In one embodiment, when coding a vector of CBF values, the CBFs from corresponding blocks in the base layer are utilized in determining the VLC to be used. In another embodiment, the CBF values from corresponding blocks in the base layer are utilized in segmenting the enhancement layer CBF. For example, in a similar manner to the CBP, values CBF0 and CBF1 might be formed, with CBF0 containing enhancement layer CBF values for which the base layer CBF was zero, and CBF1 containing enhancement layer CBF values for which the base layer CBF was one. These segmented CBF values may be coded individually, for example, using a method substantially identical to the method for coding a segmented CBP.
  • [0033]
    In another embodiment, the present invention is applied to the decoding of FGS information in H.264/AVC, and more specifically to the decoding of end of block (EOB) markers in the significance pass. Presently, H.264/AVC uses a single EOB symbol to indicate whether there are non-zero values remaining in the block. The present invention involves the use of multiple EOB symbols, with some or all of the EOB symbols used indicating information about the magnitude of coefficients from that block that were designated as “significant” during the significance pass. This information may include the number of coefficients in the block with a magnitude greater than one. Alternatively, the information may include the maximum magnitude of coefficients decoded in the significance pass. The information could also include a combination of both of these items.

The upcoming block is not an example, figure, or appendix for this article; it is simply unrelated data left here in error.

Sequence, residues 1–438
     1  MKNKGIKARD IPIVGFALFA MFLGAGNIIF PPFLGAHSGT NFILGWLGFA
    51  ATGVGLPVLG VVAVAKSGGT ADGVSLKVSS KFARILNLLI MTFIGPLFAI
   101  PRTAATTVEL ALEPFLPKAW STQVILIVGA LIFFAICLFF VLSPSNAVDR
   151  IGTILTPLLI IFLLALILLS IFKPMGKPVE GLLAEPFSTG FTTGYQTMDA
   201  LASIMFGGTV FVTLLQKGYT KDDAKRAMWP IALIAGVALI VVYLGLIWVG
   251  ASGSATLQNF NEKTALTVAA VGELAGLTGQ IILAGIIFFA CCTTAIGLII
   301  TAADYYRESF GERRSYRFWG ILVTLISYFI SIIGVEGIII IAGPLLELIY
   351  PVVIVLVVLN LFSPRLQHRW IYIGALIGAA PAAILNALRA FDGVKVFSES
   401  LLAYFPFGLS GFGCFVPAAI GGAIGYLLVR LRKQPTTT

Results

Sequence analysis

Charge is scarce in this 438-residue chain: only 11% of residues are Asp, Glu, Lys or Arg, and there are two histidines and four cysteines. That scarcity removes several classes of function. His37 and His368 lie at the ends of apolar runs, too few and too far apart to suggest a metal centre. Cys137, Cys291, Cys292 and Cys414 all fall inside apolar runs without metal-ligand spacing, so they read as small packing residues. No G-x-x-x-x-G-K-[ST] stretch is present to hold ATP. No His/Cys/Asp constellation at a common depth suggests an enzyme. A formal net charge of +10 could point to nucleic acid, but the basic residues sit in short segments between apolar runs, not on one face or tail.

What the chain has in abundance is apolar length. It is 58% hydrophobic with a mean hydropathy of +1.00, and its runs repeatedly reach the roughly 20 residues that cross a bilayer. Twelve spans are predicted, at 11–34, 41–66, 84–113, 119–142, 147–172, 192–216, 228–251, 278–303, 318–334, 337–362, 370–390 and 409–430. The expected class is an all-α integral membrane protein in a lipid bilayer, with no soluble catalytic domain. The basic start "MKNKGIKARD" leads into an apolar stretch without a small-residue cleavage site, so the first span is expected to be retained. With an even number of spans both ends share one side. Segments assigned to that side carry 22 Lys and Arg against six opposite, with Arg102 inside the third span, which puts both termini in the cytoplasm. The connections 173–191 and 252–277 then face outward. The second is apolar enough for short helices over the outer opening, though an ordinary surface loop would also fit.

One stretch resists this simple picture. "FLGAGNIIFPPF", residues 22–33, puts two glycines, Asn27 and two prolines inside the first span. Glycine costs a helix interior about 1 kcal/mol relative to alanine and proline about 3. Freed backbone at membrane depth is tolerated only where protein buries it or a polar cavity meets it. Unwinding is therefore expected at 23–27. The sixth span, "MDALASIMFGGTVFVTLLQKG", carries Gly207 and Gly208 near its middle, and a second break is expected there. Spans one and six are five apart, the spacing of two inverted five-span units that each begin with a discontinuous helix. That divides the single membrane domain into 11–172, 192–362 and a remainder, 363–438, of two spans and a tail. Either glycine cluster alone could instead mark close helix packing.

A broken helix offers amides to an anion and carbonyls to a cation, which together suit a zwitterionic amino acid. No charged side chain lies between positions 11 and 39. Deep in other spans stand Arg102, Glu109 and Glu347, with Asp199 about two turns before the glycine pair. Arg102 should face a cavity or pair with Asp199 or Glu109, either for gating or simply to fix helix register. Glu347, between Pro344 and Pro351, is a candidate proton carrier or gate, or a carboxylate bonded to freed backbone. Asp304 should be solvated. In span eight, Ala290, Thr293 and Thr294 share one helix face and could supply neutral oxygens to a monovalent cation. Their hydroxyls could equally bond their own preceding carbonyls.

• [0034]
    The number of coefficients in the block with a magnitude greater than one (x) and the maximum magnitude of coefficients decoded in the significance pass (y) may be combined using a separable linear function, such as EOBoffset=16y+x. In this situation, in the decoding process, y=EOBoffset/16 and x=EOBoffset%16, i.e., x is the remainder when EOBoffset is divided by 16. In some cases, a combination of linear functions may be used. For example, EOBoffset=2x+y%2, if y <4 and EOBoffset=16y+x otherwise.
  • [0035]
    The number of decoded coefficients (z) may also be incorporated into the linear equation. For example, in one embodiment, EOBoffset2(x−1)+y%2, if y <4 and EOBoffset=z(y−2)+x−1, otherwise. Therefore, in the decoding process, x=(EOBoffset/2)+1, y=(EOBoffset%2)+2, if EOBoffset<2z and x=(EOBoffset%z)+b 1, y=(EOBoffset/z)+2, otherwise.
  • [0036]